Disclaimer: This is a personal web page. Contents written here do not represent the position of my employer.

Saturday, February 08, 2020

 

Xamarin forks and whatnots

Busy days in geewallet world! I just released version 0.4.2.198 which brings some interesting fixes, but I wanted to talk about the internal work that had to be done for each of them, in case you're interested.
Last but not least, I wanted to mention something not strictly related to this new release. We got accepted in GNOME's gitlab, so now the canonical place to find our repository is here:

https://gitlab.gnome.org/World/geewallet

Technically speaking, this will allow us to drop GithubActions for our non-Linux CI lanes (we were already happy with our gitlab-ci recipes before we had to use GH! only limitation was that GitLab.com's free tier CI minutes for agents was Linux-only).

But in general we're just happy to be hosted by infrastructure from one of the most important opensource projects in the world. Special thanks go to Carlos Soriano and Andrea Veri for helping us with the migration.

PS: Apologies if the previous blogpost to this one shows up in planets again, as it might be a side-effect of updating its links to point to the new git repo!

Labels: , , , , , , , ,


Sunday, January 05, 2020

 

Introducing geewallet

Version 0.4.2.187 of geewallet has just been published to the snap store! You can install it by looking for its name in the store or by installing it from the command line with `snap install geewallet`. It features a very simplistic and minimalistic UI/UX. Nothing very fancy, especially because it has a single codebase that targets many (potential) platforms, e.g. you can also find it in the Android App Store.

What was my motivation to create geewallet in the first place, around 2 years ago? Well, I was very excited about the “global computing platform” that Ethereum was promising. At the time, I thought it would be like the best replacement of Namecoin: decentralised naming system, but not just focusing on this aspect, but just bringing Turing-completeness so that you can build whatever you want on top of it, not just a key-value store. So then, I got ahold of some ethers to play with the platform. But by then, I didn’t find any wallet that I liked, especially when considering security. Most people were copy+pasting their private keys into a website (!) called MyEtherWallet. Not only this idea was terrifying (since you had to trust not just the security skills of the sysadmin who was in charge of the domain&server, but also that the developers of the software don’t turn rogue…), it was even worse than that, it was worse than using a normal hot wallet. And what I wanted was actually a cold wallet, a wallet that could run in an offline device, to make sure hacking it would be impossible (not faraday-cage-impossible, but reasonably impossible).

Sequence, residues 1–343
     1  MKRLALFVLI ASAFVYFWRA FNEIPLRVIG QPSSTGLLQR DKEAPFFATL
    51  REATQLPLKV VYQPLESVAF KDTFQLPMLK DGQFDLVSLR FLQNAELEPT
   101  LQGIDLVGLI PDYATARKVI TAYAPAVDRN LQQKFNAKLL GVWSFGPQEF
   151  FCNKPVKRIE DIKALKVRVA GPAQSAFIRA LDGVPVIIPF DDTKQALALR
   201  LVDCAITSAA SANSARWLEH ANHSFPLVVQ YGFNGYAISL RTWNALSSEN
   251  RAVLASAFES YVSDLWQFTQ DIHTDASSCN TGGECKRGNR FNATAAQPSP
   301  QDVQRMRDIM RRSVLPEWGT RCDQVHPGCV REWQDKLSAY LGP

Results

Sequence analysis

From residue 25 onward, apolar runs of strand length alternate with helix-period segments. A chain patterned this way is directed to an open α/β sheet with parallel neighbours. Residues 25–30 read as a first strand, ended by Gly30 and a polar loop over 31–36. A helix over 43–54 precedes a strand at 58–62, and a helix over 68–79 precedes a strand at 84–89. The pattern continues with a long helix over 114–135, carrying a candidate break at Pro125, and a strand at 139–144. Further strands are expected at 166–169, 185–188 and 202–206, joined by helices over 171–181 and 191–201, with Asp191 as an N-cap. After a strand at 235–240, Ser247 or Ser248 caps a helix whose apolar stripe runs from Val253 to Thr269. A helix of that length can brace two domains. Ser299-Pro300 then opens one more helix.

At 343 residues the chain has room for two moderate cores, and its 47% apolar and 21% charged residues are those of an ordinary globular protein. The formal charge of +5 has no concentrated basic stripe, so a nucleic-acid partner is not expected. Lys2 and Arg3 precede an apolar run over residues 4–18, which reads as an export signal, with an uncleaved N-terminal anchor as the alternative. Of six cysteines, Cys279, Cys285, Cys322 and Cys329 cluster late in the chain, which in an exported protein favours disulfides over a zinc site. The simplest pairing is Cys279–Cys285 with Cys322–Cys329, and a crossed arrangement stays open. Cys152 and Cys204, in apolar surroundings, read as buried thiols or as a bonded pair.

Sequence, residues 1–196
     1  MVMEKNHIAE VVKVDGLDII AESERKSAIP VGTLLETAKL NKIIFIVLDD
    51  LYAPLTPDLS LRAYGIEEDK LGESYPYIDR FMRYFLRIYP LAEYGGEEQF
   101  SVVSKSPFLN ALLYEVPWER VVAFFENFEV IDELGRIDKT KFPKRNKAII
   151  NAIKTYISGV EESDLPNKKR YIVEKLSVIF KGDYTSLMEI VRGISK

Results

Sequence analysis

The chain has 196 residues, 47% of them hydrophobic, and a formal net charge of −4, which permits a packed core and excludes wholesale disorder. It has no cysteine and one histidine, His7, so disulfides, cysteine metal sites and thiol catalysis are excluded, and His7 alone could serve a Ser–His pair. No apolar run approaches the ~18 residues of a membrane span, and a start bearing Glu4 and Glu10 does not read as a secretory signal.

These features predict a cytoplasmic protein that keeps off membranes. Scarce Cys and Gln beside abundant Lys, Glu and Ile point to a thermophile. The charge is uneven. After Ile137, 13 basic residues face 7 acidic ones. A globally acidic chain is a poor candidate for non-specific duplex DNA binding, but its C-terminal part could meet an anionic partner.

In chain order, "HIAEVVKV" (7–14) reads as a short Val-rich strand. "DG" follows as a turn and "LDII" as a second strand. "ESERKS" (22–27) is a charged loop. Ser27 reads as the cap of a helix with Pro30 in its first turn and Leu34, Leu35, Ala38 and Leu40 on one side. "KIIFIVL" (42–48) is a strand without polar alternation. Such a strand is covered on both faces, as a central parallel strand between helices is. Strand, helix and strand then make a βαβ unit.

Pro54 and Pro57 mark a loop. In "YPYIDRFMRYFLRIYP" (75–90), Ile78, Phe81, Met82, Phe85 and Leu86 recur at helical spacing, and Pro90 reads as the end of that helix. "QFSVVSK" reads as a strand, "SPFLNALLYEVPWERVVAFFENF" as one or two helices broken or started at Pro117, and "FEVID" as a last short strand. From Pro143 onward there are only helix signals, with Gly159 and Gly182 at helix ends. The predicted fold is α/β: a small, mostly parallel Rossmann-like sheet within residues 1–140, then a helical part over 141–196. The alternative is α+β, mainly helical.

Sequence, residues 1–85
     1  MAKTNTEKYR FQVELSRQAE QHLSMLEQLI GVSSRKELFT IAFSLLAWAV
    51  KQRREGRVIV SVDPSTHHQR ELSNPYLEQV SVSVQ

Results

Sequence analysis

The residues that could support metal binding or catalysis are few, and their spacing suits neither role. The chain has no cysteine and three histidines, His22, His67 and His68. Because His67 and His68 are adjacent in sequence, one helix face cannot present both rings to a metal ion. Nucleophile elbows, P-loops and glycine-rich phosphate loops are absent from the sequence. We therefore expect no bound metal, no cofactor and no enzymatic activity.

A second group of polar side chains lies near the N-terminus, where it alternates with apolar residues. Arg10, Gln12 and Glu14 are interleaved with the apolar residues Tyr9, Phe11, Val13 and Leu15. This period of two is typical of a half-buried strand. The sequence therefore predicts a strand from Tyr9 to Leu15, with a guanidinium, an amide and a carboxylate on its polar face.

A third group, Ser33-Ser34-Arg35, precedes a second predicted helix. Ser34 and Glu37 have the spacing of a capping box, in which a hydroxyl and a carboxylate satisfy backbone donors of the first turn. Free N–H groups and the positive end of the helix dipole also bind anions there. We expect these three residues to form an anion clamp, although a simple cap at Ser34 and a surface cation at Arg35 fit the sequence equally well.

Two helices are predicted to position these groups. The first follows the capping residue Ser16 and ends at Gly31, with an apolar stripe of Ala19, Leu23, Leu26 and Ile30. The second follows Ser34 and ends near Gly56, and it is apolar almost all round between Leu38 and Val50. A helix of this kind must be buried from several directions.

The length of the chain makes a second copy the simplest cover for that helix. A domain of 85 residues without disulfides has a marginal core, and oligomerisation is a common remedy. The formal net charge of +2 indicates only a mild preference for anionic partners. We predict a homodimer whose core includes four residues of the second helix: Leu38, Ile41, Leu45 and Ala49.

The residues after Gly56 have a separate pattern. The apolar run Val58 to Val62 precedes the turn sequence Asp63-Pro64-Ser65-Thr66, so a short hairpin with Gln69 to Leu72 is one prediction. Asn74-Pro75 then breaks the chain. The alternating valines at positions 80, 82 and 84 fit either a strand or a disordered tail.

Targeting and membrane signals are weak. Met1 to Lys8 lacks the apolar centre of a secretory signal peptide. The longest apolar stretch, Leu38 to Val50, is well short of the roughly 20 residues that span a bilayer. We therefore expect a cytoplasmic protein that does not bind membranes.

So there I did it, I created my own wallet.

After some weeks, I added bitcoin support on it thanks to the library NBitcoin (good work Nicholas!). After some months, I added a cross-platform UI besides the first archaic command-line frontend. These days it looks like this:



What was my motivation to make geewallet a brain wallet? Well, at the time (and maybe nowadays too, before I unveil this project at least), the only decent brain wallet out there that seemed sufficiently secure (against brute force attacks) was WarpWallet, from the Keybase company. If you don’t believe in their approach, they even have placed a bounty in a decently small passphrase (so if you ever think that this kind of wallet would be hacked, you would be certainly safe to think that any cracker would target this bounty first, before thinking of you). The worst of it, again, was that to be able to use it you had again to use a web interface, so you had the double-trust problem again. Now geewallet brings the same WarpWallet seed generation algorithm (backed by unit tests of course) but on a desktop/mobile approach, so that you can own the hardware where the seed is generated. No need to write anymore long seeds of random words in pieces of paper: your mind is the limit! (And of course geewallet will warn the user in case the passphrase is too short and simple: it even detects if all the words belong to the dictionary, to deter low entropy, from the human perspective.)

Why did I add support for Litecoin and Ethereum Classic to the wallet? First, let me tell you that bitcoin and ethereum, as technological innovations and network effects, are very difficult to beat. And in fact, I’m not a fan of the proliferation of dubious portrayed awesome new coins/tokens that claim to be as efficient and scalable as these first two. They would need not only to beat the network effect when it comes to users, but also developers (all the best cryptographers are working in Bitcoin and Ethereum technologies). However, Litecoin and Ethereum-Classic are so similar to Bitcoin and Ethereum, respectively, that adding support for them was less than a day’s work. And they are not completely irrelevant: Litecoin may bring zero-knowledge proofs in an upcoming update soon (plus, its fees are lower today, so it’s an alternative cheaper testnet with real value); and Ethereum-Classic has some inherent characteristics that may make it more decentralised than Ethereum in the long run (governance not following any cult of personality, plus it will remain as a Turing-complete platform on top of Proof Of Work, instead of switching to Proof of Stake; to understand why this is important, I recommend you to watch this video).